It has been an interesting week! Nothing gets folk going like a conversation about fallen leaders.
That’s what we started last week. Now, I’ve noticed that where you stand on this issue is often influenced by where you sit. If the issue of fallen leaders is basically theory to you, then you probably lean heavily toward grace. If you have had first-hand experience with the issue, you probably still lean toward grace, but with a healthy dose of corrective discipline. Incidentally, the two are not mutually exclusive.
This issue is difficult because no two situations are exactly alike. The clear majority of Christian denominations and Christians themselves favor restoring fallen Christian leaders for most offensives. By that, I mean returning them to church fellowship, membership and even ministry. There is far less support for a minister or leader returning to the exact location of the offense – the scene of the “crime.”
This topic defies neat and tidy answers, but let me share a few observations.
Every leader has been restored.
There are no unfallen leaders. Some fall privately, others fall publicly, but they all fall. As I said last week, the goal of the gospel is restoration. No one is exempt, including local pastors. The best and the brightest have fallen. God’s honor roll is replete with liars, cheaters, robbers, philanderers, and even murderers. Do the math: Abraham, Moses, Samson, Solomon, David. Great men, but I’m not sure I’d leave my wife with some of them!
But the Bible is big on restoration. It’s interesting that the basic definition of restoration is to return a thing to its former condition. But the biblical definition often goes much further. The restored condition is often better than the original. Amazing!
There is no restoration without heartfelt repentance.
“Repentance includes sorrow for sin and a turning away from it. We will not renounce sin unless we see its sinfulness; until we turn away from it in heart, there will be no real change in the life” (Steps to Christ p. 24).
Real repentance produces real fruit. Not immediately and certainly not without effort, but repentance produces fruit. Sincere sorry is a fruit of real repentance. Restitution is a fruit of real repentance. Clear confession is fruit of real repentance. Real repentance not only changes actions but attitudes.
I mentioned last week that I listened to Jamal Bryant preach just days after his affair was uncovered. I was willing to give him the benefit of the doubt until he took a not-so-subtle swipe at his accuser in his message. He lost me. His actions didn’t illustrate a genuine sorrow for what he’d done. In that statement and in interviews to follow, he seemed combative and defensive.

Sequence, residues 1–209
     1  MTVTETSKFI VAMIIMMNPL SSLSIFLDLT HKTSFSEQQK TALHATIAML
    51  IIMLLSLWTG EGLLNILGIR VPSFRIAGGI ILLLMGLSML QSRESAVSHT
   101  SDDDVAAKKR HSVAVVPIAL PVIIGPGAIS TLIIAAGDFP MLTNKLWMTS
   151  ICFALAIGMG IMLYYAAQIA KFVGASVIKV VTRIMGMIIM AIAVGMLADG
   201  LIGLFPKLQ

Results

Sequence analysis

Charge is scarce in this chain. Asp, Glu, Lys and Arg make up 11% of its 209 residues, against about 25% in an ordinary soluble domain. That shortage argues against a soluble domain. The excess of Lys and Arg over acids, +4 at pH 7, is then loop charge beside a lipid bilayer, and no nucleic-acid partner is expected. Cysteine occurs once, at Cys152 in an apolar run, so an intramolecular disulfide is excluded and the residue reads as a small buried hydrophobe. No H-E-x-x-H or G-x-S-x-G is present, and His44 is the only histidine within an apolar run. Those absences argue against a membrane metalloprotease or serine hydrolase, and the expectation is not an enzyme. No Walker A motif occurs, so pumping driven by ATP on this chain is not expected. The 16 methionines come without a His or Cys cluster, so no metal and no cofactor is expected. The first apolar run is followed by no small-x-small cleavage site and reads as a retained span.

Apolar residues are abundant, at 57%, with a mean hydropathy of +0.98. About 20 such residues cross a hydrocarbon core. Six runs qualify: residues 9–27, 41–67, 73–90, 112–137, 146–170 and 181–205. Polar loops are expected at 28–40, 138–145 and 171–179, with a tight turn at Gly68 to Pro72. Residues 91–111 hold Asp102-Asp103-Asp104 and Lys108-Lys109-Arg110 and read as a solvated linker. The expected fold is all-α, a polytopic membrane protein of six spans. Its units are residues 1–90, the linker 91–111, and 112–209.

It also illustrated the imbalance of power that is so often a part of sexual sin and harassment. It seemed that he used the Hampton Minister’s Conference platform to go after an accuser who was totally incapable of defending herself or even responding.
Restoration and reassignment are not the same.
Restoration is a return to your original condition in Christ, not necessarily your original position in the church. The grace and forgiveness that God offers freely is never without cost or consequence. There are situations where it is clearly unwise and even dangerous to return a Christian leader to a position of authority. An embezzler can and should be restored to church fellowship, but it’s probably not wise for her to return as church treasurer. A pedophile should not be returned to children’s ministry. A philanderer shouldn’t lead the singles.
The shifting of bad leaders from one location to another has seriously undermined confidence in the Catholic priesthood in particular and the ministry in general. I personally support moving a fully recovered, restored, and repentant leader to another location to resume leadership in ministry. But it demonstrates that even a move that’s good for a restored pastor, might still be bad for a church struggling to regain public trust.
A blog seems so insufficient for a topic like this. I have about 6 pages of notes staring at me on my desk, but I’m stopping here. I pray for the countless thousands who have been hurt by corruption that the church has ignored. I pray for pastors and leaders who have fallen, but by God’s grace have risen to serve again. I pray for the church.